Tag Archive | Squash

Are ‘Dumb Jocks’ actually nerds? Response to the Opinionator article.

In my humble opinion the article: ‘Are ‘Dumb Jocks’ really Nerds? http://opinionator.blogs.nytimes.com/2013/10/27/is-the-dumb-jock-really-a-nerd/?_r=0  touches on the critical reasons that the Sport of Squash, known to few and utterly misunderstood by most, offers an unparalleled opportunity for human beings to maintain and hone the essential assets required for success and continued evolution both as individuals and as a species.
Decisions to adopt and perfect specific skills are made with the conscious mind – by thinking and deciding. However the conscious mind is an appallingly inefficient survival tool and it is only by using our subconscious mind – or by ‘feeling’ that we are able to make complex survival decisions at hyper speed.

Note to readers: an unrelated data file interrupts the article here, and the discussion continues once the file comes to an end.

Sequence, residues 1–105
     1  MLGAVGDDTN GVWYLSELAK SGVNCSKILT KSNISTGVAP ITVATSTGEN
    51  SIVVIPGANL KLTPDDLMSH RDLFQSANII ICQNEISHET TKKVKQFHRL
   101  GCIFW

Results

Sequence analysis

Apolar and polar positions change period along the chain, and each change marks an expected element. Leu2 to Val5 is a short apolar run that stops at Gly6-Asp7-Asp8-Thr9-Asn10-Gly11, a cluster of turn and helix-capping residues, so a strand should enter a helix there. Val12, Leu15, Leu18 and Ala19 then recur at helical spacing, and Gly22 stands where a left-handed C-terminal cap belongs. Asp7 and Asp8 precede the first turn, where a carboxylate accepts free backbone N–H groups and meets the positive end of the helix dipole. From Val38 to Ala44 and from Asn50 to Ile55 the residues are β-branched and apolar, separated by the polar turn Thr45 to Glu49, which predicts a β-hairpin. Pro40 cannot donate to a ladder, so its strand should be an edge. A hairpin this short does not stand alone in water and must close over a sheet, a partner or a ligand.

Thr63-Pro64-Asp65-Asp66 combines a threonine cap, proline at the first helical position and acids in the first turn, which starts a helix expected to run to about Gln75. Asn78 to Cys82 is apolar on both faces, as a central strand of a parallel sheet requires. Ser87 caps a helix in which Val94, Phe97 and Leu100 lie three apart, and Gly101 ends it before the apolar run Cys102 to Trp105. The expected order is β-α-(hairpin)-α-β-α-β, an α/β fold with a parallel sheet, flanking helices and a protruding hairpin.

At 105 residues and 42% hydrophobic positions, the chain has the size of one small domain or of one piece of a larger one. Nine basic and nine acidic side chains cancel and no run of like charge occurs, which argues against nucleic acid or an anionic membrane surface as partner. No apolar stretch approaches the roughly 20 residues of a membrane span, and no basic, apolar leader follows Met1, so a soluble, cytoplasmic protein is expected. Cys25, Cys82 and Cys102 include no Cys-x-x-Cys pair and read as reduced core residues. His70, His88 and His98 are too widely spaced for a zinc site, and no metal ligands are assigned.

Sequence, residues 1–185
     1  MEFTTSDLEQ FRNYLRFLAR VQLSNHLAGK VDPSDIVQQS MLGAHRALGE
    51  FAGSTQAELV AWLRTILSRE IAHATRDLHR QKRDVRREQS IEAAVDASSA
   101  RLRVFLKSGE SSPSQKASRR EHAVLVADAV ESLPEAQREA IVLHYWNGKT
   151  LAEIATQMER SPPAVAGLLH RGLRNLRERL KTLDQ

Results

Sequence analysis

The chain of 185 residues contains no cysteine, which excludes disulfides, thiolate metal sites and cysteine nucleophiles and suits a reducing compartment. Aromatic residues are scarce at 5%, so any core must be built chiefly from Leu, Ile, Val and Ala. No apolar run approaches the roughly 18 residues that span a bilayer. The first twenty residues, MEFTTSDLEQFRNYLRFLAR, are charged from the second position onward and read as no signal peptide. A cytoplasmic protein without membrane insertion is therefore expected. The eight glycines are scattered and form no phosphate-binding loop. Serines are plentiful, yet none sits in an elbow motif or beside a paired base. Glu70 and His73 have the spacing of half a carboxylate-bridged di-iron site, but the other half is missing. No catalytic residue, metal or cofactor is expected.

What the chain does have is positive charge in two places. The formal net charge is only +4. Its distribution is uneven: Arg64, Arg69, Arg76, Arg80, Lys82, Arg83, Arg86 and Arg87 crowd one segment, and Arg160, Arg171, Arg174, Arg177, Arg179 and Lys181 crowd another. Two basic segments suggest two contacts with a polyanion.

Hence an athlete that attempts to ‘think’ their way through a pressure situation will never be able to compete with an athlete who can ‘feel’ what needs to be done.
The conscious mind is employed in the learning process to interpret and assimilate the new behavior and once the new behavior is adequate for use in the heat of battle it is then stored in the sub conscious mind where it adds to the arsenal of existing possible choices that the subconscious mind is able to call on when needed.